It’s seems crazy, once you get the hang of it, because it’s so easy. How can something so simple give people such base pleasure? I swear, learn to make a good loaf and make some homemade butter and your friends will do anything for you. As an added benefit, I find homemade bread much easier to digest compared to a grocery store loaf. I won’t suggest you read the ingredients on one of those loaves, it will make you sad.

I would love to tell you exactly how to make a good loaf, but I can’t. It takes practice. Tasty practice, thankfully. I’ve been working on my technique for years. These days, I bake two loaves every 10 days or so, freezing one loaf straight away. I bake our everyday loaves in loaf tins, but for dinner parties and potlucks I make round loaves on baking sheets. Looks much more picturesque, but requires absolutely no extra work on my part.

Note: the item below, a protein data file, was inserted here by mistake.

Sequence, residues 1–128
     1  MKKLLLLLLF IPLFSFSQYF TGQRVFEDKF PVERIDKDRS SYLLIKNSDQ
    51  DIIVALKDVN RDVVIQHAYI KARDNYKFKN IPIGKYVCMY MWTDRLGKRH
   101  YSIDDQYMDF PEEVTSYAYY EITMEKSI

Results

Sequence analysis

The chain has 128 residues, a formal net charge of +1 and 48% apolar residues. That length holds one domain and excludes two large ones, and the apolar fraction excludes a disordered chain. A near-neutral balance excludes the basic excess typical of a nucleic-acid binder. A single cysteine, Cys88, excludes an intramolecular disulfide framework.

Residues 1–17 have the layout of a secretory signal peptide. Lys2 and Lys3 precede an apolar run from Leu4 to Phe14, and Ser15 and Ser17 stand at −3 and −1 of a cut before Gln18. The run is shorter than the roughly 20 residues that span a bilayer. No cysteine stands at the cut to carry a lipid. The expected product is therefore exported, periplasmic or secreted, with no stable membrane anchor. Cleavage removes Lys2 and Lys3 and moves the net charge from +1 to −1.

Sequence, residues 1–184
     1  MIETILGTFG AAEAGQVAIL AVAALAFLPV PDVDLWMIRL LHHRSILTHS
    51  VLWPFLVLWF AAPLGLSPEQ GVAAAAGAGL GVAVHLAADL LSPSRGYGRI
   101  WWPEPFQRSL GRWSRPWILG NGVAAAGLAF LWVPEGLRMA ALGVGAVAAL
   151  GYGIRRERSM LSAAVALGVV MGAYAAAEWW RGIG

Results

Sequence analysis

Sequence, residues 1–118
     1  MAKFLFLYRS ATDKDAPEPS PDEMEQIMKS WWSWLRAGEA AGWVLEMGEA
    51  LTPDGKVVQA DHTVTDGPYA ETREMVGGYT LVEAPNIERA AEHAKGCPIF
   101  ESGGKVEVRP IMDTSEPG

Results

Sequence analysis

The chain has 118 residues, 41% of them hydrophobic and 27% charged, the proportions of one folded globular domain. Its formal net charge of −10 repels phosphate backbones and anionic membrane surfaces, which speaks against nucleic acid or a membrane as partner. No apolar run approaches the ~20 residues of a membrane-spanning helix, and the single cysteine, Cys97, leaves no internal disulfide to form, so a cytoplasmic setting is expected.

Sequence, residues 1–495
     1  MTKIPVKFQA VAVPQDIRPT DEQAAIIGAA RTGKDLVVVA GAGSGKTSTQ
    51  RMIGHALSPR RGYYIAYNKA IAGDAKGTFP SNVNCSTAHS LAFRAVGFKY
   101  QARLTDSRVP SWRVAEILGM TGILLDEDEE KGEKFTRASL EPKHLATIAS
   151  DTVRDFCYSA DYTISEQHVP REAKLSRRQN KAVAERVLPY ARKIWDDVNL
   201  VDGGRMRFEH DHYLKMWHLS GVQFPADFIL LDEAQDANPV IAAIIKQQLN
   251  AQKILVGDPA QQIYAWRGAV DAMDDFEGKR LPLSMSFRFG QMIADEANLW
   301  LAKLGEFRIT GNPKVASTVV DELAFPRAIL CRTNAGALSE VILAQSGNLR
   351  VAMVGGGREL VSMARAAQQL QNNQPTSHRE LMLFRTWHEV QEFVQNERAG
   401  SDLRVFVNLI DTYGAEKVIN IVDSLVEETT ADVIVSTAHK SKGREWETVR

Finally, I know the imprecise nature of bread making instructions make beginners crazy, but there are so many variables that giving specific rising times just isn’t practical. However, I will say this: slightly underproofing is better than overproofing. Speaking from experience. Keep your yeast in the fridge, even if it’s dried, and buy local flour if you can.

If you live in Vancouver, I highly recommend taking Florin Moldovan’s breadmaking class (you can read about my experience here). If you’re in the UK, I hear great things about the Bertinet Cookery School’s breadmaking courses.

Here is my two loaf recipe, let me know how you get on.

Basic 60% white 40% wheat bread with chia seeds
makes two loaves

725ml lukewarm water

11g dry active yeast

2 tbsp honey

3 tbsp chia seeds

22g fine sea salt